Seeking Patience

Seeking Catherine

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The Cowboy, an American Original

Cowboys…gotta love ‘em!

Toni V. Sweeney

Fotolia_3270817_M copy-1

He’s an icon…a symbol of America’s Old West…a representation of all that’s wild and free but adhering to a brand of justice as well as a creed all his own.  Representative of the United States perhaps even more than the Minute Men.  After all, it wasn’t George Washington who took his Wild West Show to Europe and dazzled kings and queens.


The cowboy was revered in song and novel even during his own time, and has continued to be so, beginning with Owen Wister’s The Virginian (1902) which is considered the “first great novel of the American Western Literature.”  It’s also where the famous line “When you call me that, smile!” originated. With the adventure of movies and later television, his fame grew.

There were individuals from that era who became famous simply because they were cowboys. Real people now legendary…how many don’t know of Buffalo Bill, Wild Bill Hickock, Wyatt Earp, or Bat Masterson, or from the distaff side…Annie Oakley and Calamity Jane?

One of the first movies made was The Great Train Robbery (1903), considered a milestone in filmmaking because of its innovative camera work.  The westerns that followed are too numerous to mention, from silents into talkies, television, and comic books. A good many novels by Louis L’Amour and Zane Gray were made into folms. Consider Riders of the Purple Sage, Shane, and The Virginian. We all remember that last scene from Shane, don’t we? Then, how about High Noon and 3:10 to Yuma.

For a while, television was dominated by the cowboy with series for both adult and children. The Lone Ranger was present, as was Fury. There were entertaining but juvenile ones such as Cowboy G-Men. Then…once again…there was The Virginian, famous for being the only 90-minute series on television, as well as the fantastic and hilariously satiric episodes of the Adventures of  Brisco County Junior, which sent actor Bruce Campbell rocketing to fame.  There was F Troop and Bonanza, Wagon Train and Laredo and Laramie. Even Disney got into the act with The Ballad of Andy Burnett, Texas John Slaughter, and Elfego Baca.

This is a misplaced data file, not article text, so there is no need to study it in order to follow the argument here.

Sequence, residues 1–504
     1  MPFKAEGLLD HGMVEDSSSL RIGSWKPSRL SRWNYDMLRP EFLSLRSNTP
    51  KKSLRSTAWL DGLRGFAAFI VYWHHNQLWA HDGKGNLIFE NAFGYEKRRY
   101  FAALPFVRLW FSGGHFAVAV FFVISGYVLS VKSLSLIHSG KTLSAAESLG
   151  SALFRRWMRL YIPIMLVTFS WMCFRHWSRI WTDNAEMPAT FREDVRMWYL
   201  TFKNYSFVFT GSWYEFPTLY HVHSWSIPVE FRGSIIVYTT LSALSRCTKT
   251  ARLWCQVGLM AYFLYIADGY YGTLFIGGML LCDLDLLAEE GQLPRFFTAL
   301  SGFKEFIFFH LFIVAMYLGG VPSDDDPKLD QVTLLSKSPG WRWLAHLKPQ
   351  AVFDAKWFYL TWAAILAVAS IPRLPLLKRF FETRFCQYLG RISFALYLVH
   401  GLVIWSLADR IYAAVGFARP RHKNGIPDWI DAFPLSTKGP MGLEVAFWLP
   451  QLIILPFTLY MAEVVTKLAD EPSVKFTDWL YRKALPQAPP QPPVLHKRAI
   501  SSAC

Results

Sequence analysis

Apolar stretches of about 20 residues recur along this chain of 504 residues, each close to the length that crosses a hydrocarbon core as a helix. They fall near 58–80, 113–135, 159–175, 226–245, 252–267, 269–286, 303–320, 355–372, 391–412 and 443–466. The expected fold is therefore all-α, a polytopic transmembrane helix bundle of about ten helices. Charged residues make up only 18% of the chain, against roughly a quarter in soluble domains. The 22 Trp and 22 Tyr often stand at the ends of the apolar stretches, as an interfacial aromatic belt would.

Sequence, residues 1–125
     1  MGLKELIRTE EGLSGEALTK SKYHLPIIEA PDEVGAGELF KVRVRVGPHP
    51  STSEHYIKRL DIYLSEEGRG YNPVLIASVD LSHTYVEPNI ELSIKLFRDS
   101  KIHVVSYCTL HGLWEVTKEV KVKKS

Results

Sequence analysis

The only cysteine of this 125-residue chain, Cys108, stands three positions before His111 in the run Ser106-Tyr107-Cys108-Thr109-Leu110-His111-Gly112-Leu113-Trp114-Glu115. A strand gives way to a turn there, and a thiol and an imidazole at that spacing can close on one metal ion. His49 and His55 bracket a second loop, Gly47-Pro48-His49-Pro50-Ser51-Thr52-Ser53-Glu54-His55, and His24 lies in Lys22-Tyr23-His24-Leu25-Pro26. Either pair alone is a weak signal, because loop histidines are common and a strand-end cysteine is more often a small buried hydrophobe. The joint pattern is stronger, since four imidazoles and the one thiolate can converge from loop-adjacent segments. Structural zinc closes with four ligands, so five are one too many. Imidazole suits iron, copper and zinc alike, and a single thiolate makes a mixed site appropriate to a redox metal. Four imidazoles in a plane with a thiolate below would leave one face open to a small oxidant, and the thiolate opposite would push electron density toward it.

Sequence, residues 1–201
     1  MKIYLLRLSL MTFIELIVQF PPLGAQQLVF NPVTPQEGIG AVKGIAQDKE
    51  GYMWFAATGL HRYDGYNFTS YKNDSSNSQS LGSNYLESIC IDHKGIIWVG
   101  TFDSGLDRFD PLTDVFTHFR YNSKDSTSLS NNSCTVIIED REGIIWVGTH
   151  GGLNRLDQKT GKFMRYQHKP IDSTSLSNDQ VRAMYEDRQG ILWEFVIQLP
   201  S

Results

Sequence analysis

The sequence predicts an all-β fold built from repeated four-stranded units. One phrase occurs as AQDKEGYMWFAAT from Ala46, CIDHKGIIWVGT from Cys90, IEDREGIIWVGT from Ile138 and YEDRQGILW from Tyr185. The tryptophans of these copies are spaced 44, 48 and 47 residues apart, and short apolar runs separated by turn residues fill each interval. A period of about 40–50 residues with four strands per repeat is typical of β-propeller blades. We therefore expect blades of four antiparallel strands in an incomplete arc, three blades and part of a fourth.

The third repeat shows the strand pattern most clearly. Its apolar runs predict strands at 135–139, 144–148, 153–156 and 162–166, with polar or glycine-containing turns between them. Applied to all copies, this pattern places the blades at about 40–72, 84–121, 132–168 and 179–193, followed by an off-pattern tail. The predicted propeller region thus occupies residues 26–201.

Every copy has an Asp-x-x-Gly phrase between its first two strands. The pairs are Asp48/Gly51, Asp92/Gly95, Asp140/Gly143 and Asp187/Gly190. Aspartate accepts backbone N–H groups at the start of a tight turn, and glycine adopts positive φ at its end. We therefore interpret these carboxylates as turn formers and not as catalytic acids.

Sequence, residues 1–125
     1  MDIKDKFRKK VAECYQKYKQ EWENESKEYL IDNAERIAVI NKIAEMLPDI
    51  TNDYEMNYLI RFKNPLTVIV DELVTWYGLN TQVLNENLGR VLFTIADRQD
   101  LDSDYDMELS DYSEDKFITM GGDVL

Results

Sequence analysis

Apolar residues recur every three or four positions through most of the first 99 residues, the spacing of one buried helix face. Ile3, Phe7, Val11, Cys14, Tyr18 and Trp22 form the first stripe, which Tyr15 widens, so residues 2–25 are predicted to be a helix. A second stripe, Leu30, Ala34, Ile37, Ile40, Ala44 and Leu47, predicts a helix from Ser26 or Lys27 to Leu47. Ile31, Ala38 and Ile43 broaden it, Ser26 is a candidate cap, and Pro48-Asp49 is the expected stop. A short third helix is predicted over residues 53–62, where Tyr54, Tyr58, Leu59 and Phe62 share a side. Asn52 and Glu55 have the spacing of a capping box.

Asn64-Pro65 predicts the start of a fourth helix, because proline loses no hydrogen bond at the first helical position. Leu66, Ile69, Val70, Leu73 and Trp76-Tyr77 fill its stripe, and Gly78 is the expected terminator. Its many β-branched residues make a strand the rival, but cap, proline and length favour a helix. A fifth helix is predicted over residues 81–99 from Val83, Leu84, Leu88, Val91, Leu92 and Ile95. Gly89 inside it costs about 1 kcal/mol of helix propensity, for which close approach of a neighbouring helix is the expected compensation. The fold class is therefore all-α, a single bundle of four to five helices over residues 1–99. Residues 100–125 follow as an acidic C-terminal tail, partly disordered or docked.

Of course, there was the most famous of them all, Gunsmoke, considered the first “adult” Western TV series, because it represented a truer accounting of Western life and the hero didn’t always get the girl or ride off into the sunset.  Sometimes the hero actually got gunned down in the street. This landmark almost starred John Wayne as Marshal Dillon, but he opted out of the “small screen” for a newcomer named James Arness.

Matt Dillon and Paladin might’ve been Kings of the Western, riding back-to-back on Saturday nights, but Warner Brothers was the kings of the series.  Almost every night contained a Warner Brothers series in the listings…from 77 Sunset Strip to Hawaiian Eye.  They certainly held the title for most Westerns, too.  There wasn’t a night of the week that one couldn’t see one of Warners’ cowboy heroes on the small screen.

They were:

Cheyenne (1955-1953) – Clint Walker as Cheyenne Bodie, a cowboy raised by the Cheyennes.

Bronco (1958-1962) Ty Hardin as Bronco Layne, a former Confederate officer from Texas, now a cowboy.

Sugarfoot (1957-1961) – remake of a Will Rogers’ movie, with Will Hutchins as Tom Brewster,  an Easterner who comes to Oklahoma territory and studied law by correspondence. He was called “Sugarfoot” because that designation was even lower than a “tenderfoot.”

Colt .45 (1957-1960) – Wayde Preston as Christopher Colt, as an Old West pistol salesman. In 1959, Donald May took over as Sam Colt, Jr., cousin of Christopher.

Lawman (1958 – 1962)  – John Russell as Marshal Dan Troop and Peter Brown as Deputy Johnny Mackay, in Laramie, Wyoming.

The Alaskans (1959 – 1960) – Roger Moore as Silky Harris and Jeff York as Reno McKee, a pair of Skagway, Alaskan conmen out to scam as many Yukon-bound travelers as they could.

And, of course, those best-loved of all, the Mavericks (1957-1962).

This series consisted of a family of Texas gamblers.  There was Brett Maverick, the original and titular character, his brother Bart, English Cousin Beau, and father “Pappy” and his brother, Uncle Bentley.  During one season when there was a dispute going on between the stars, a new character in the person of another brother, Brent, was introduced but for such a short time, he’s barely remembered now.  The Maverick franchise won fame for its stars and engendered several made for TV movies.

No matter how many series, novels, or movies there are, they all embody one thing…the allegory of the struggle between good and evil in a land where a man could forget his past and start over, but sometimes that past would catch up to him and then he had to make a choice.

The cowboy has become a symbol of a special kind of nobility and freedom. If there is truly a “Noble Savage” then the cowboy could be considered his counterpart.

Toni V. Sweeney generally writes scifi/fantasy but she’s also written her share of  Westerns, all published by Class Act Books:

NEVengeance from Eden-1

NEBRASKA:  Vengeance from Eden


NEBRASKA: Walk the Shadow Trail


The Man from Tipperary


The Cattle Baron’s Kid

The Sunday Man     5.TheSundayMan-1


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Happy Mother’s Day! (and exciting book news)

Mother’s Day is a holiday celebrated annually in more than 150 countries, although it is celebrated on different dates. This day is a tribute to all mothers and motherhood.

The first Mother’s Day was celebrated in Grafton, West Virginia, in 1908. Anna Jarvis held a memorial for her mother, Ann Reeves Jarvis. Anna began a campaign to make Mother’s Day a national holiday, and in 1914, President Woodrow Wilson proclaimed the second Sunday in May as Mother’s Day.



And…in other news…if you haven’t yet nominated OH DANNY BOY for the Kindle Scout program, you can nominate the book at the link below. No purchase necessary. And, if selected, you’ll receive the copy absolute free!  Thank you!

#KindleScout #contemporaryromance